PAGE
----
Sunday, March 09, 2008

Electronic Patient Records

I said I would return to the subject of the introduction electronic patient records in the National Health Service.

I will nail my colours to the mast from the outset – I am a great fan of electronic notes. I actually believe most clinicians working in the NHS are also fans in principle.

I look forward to an electronic system that means wherever I am as a patient in the UK (or indeed wherever I am in the world) the health professionals involved in my care can log in and see my health record wherever I happen to be. I am convinced this will improve patient safety and could save lives.

The main concerns appear to be about security of information and whether our information is safe or not.

This has been highlighted in recent scandals in other government departments such as the Tax Office and Child Benefit where CD’s containing personal information have apparently been ‘lost.’

It goes without saying we need to make sure there are strict safeguards built in to the NHS electronic patient records system to ensure no such ‘accidents’ happen with our personal health records.

I certainly do not want a system that is so insecure that my health records may end up for public viewing!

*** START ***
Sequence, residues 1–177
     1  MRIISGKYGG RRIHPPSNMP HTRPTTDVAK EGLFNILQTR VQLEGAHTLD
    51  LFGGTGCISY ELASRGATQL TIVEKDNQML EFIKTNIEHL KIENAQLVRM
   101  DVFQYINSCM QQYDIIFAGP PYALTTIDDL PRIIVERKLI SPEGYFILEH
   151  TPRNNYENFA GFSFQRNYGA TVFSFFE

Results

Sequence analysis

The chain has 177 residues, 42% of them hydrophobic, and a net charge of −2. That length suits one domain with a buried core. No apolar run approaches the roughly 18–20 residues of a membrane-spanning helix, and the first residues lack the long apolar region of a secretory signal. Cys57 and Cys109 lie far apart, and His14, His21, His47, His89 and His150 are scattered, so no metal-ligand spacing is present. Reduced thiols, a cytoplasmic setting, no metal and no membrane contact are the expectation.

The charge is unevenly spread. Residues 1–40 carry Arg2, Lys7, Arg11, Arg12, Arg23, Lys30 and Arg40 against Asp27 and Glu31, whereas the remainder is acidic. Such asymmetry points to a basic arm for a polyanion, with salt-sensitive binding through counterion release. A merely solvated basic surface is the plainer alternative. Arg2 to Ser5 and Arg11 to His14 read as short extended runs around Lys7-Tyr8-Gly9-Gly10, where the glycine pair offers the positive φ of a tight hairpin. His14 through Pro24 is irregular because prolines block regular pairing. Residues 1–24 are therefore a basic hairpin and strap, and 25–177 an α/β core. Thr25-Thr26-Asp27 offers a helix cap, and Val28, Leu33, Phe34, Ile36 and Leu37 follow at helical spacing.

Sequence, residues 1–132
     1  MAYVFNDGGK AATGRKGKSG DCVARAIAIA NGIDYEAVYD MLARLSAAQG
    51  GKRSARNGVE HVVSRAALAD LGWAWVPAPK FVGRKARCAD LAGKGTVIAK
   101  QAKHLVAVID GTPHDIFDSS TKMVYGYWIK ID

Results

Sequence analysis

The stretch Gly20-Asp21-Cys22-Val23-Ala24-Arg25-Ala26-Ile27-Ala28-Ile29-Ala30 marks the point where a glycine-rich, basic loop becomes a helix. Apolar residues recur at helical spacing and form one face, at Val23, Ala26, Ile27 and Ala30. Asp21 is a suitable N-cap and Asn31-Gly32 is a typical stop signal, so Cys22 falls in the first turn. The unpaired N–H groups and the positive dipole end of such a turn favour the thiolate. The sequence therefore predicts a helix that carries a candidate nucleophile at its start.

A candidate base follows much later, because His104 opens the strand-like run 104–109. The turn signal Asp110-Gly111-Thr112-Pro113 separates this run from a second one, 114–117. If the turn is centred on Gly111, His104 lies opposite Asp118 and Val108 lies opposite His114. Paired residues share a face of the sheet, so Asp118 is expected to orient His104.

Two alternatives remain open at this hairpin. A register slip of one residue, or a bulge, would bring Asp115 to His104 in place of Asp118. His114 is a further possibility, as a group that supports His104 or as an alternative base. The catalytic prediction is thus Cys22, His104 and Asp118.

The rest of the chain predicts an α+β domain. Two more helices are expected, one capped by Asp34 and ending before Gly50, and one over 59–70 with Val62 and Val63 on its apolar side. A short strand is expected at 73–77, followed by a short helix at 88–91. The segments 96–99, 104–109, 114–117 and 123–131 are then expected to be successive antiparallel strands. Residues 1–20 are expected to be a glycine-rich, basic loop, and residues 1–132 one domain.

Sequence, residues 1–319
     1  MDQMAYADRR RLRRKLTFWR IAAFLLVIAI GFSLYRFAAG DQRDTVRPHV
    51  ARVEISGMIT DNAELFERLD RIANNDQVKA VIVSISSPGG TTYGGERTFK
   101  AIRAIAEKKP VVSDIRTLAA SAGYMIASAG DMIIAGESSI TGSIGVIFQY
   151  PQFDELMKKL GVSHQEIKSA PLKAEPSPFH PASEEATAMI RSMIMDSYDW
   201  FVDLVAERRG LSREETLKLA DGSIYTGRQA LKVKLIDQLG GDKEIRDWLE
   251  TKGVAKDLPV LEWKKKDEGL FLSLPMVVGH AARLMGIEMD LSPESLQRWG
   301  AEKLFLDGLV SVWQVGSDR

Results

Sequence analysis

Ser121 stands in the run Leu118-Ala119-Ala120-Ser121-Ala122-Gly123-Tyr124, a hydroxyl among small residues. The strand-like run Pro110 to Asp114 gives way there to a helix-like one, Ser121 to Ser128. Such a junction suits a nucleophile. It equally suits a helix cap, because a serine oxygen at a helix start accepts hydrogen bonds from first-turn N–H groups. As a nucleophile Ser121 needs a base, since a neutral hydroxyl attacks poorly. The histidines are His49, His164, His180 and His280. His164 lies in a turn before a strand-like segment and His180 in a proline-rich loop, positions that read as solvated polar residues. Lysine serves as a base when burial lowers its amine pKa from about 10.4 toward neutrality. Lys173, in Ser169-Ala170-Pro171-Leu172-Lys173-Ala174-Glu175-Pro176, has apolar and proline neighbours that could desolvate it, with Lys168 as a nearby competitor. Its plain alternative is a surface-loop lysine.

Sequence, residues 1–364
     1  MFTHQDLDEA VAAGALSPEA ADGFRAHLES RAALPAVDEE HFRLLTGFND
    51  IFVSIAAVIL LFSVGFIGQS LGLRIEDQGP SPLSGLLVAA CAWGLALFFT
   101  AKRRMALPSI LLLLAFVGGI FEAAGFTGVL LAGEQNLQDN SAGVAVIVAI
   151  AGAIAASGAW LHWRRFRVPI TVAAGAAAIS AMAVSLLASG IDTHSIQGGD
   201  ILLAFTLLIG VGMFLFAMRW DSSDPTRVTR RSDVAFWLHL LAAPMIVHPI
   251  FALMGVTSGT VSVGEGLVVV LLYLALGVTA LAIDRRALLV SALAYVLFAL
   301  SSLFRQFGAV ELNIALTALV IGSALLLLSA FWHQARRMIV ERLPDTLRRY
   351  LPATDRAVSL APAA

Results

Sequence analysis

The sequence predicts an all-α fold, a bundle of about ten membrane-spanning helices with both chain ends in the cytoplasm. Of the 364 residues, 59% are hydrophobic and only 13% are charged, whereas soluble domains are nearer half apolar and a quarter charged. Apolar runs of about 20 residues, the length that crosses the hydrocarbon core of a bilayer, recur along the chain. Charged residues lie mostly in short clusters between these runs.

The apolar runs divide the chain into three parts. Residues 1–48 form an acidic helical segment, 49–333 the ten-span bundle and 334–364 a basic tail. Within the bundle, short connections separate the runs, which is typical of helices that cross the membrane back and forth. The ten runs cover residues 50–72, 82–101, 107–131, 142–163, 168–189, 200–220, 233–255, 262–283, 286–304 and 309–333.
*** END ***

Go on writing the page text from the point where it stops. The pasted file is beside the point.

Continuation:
There are also concerns about who will have access to view patient’s notes within the NHS. Will all staff for instance have access to all patients’ notes? The short answer is no. Modern software easily enables restricted access and the issue of access to non clinical staff is less of a security risk than we currently have with paper notes.

I will share a story to illustrate my point.

When I was 16 years of age I joined the NHS straight from school as a
very junior clerk. One of my first jobs was in the medical records department. As a 16 year old - and very green around the ears - I had total access to all the patients’ notes of that particular hospital. That is how secure/insecure patient’s paper notes are in reality in a hospital. So the idea that paper records are more secure than electronic records is totally flawed in my opinion.

Also there are numerous examples over the years of paper notes ‘getting lost.’

I share concerns of all who worry about the security implications. I think we have to make sure whatever electronic system the NHS finally plumps for gives the patients the guarantees they need about security.

I hope patients support the principle of the electronic record because this is definitely the way forward.


Richard Lipscombe said...

Simplicity and internet based patient information are synonymous.

There is no human enterprise on earth in more need of Simplicity than the world's health care systems. So this development has to be welcomed wholeheartedly.